Mubarak team seeks to revive wilting carrot for Arab-Israeli peace

The economic crisis has taken a toll on Qualified Industrial Zones, a US trade initiative aimed at warming Israel's "cold peace" with Arab states.

J. Scott Applewhite/AP
Egyptian President Hosni Mubarak and US Secretary of State Hillary Rodham Clinton meet on Monday in Washington for talks on the Middle East peace process.

Israel is usually better known for exchanging bullets with its neighbors than zippers and paint.

But as Egypt's President Hosni Mubarak and his entourage hold meetings in Washington on Tuesday, the future of a trade deal aimed at changing that will top the list of economic issues they discuss. The Qualified Industrial Zone (QIZ) program, as it is known, allows manufacturers in Arab states who have made peace with Israel to export to the US duty-free – provided they use enough Israeli material.

Egypt is now hoping to expand its program as US officials push for a broader regional peace. The only two Arab states at peace with Israel, Jordan and Egypt, signed on to the QIZ deal in 1997 and 2004 respectively. But the US had thought the financial rewards would have urged more Arab countries to come on board.

The program helped Jordan's exports to the US grow from $16 million in 1997 to $1.3 billion last year and has boosted the bottom line of entrepreneurs such as Magdi Tolba, head of the Cairo Cotton Center, a ready-made garment business. Despite the recession, his sales are on track to grow to $35 million from $26 million last year.

"Most of this growth is in the American market and is because of the QIZ," he says. "The sky can be the limit for the [program's] potential."

Perhaps for Mr. Tolba. But the sun is now setting on Jordan's QIZs, where a new free-trade agreement is scheduled to come into full effect next year, rendering the zones redundant. While Egypt is set to expand the QIZ initiative, they have grown more slowly than the US and Israel had hoped.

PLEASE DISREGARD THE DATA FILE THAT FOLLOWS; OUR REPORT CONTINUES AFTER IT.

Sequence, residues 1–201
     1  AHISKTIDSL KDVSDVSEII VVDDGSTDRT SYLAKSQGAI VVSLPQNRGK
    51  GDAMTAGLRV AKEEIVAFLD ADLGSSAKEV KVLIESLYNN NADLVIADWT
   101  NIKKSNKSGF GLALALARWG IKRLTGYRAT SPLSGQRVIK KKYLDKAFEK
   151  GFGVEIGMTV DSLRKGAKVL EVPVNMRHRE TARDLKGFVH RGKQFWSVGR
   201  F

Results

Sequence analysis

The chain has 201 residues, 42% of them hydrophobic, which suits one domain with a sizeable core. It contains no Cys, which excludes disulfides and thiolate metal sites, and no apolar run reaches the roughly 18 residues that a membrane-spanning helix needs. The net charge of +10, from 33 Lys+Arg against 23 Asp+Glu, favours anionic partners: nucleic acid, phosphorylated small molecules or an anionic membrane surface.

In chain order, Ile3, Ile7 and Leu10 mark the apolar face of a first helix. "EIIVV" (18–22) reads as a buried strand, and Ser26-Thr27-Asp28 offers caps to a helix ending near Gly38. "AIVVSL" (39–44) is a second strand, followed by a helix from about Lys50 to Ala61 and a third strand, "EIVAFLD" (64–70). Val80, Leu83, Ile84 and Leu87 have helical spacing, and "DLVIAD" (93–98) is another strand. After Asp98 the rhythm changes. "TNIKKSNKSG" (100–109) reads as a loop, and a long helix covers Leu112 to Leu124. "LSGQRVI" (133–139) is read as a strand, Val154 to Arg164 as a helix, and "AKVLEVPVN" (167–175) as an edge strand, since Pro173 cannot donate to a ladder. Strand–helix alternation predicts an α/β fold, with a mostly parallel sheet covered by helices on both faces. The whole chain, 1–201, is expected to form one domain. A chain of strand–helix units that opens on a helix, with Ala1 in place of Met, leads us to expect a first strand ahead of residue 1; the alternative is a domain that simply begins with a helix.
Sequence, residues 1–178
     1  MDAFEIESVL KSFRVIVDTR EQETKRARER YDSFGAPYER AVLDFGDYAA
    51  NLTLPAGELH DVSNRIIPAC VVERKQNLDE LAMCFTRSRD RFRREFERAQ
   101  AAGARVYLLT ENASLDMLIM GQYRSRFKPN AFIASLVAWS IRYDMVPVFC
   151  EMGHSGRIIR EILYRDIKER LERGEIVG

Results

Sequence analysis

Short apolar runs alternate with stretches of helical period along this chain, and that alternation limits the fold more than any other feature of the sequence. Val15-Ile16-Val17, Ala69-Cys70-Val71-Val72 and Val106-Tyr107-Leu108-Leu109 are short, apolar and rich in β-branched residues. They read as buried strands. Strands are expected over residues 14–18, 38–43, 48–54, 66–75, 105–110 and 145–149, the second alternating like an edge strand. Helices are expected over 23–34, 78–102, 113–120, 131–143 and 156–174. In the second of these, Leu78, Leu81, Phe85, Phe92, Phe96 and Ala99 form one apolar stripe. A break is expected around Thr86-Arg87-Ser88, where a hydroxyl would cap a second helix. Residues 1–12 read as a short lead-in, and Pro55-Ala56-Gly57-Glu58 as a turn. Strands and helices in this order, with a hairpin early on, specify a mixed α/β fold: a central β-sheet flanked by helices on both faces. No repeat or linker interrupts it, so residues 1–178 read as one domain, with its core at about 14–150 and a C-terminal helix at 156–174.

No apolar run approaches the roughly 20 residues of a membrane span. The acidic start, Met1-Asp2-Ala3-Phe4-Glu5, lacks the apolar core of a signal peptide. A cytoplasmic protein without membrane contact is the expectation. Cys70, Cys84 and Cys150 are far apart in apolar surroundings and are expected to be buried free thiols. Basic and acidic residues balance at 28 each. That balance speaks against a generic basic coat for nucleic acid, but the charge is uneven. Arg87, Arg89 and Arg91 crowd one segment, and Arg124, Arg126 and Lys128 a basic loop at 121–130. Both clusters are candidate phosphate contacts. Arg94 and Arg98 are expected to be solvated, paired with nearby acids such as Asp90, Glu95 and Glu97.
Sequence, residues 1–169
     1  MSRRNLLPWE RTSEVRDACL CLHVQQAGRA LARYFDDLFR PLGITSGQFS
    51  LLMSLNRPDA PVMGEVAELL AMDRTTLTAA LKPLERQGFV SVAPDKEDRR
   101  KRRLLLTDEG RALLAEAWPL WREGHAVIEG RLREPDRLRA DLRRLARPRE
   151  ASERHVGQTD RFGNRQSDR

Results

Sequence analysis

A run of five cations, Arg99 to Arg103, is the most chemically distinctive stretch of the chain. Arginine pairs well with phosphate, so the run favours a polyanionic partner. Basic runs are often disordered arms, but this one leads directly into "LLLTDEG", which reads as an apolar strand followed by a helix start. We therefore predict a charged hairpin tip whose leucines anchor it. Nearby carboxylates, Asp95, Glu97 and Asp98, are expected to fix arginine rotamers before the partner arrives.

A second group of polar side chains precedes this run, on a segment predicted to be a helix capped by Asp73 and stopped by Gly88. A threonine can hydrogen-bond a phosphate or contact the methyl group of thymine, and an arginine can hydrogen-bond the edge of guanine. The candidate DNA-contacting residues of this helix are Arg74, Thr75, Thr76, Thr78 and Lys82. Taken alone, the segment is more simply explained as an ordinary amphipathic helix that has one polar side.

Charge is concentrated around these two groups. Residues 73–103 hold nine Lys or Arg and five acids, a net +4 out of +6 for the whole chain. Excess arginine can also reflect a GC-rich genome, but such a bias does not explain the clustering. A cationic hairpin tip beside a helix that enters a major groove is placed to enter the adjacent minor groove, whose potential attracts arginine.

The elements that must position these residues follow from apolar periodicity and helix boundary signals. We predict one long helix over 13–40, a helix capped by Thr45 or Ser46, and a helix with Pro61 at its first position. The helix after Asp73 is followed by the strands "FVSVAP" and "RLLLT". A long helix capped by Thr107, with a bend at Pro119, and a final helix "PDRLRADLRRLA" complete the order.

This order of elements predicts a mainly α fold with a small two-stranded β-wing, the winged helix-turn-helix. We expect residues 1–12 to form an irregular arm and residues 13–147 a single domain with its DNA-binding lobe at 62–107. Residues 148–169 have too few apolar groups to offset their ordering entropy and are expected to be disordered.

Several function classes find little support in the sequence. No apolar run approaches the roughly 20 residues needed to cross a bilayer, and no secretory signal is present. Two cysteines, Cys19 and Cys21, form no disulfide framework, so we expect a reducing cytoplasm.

How the zones work

To qualify for the QIZ, companies must be located in one of the participating country's designated areas and buy 10.5 percent of their material from Israel.

But with global trade barriers lower than ever, particularly in the ready-made garment industries that have been the principal beneficiaries of the QIZs, tariff-free entry to the US market isn't the enticement it once was. A global quota system that restricted low-cost Indian and Chinese garment producers' access to the US market expired a few years ago, and even Egypt, famous for its cotton, has struggled to compete since.

The Jordanians have also had to contend with the Egyptians, whose stronger industrial base and cheaper labor undermined their exports once both countries received the same tariff treatment.

The number of companies in Jordan's program slipped below 40 this year, down from about 90 five years ago. Next year there may be as few as 10, says Gabby Bar, co-chairman of the QIZ committee at Israel's Ministry of Industry, Trade, and Labor. Though the economic fallout from their decline will not be grave, he says something no less valuable could be lost.

"In what we call the 'cold peace,' this QIZ project came to be a kind of joint goal with no, let's say, patronizing each other," he says. "In Jordan, if the QIZs are going to be disappearing, of course it is a shame, it is a waste of an opportunity."

The crisis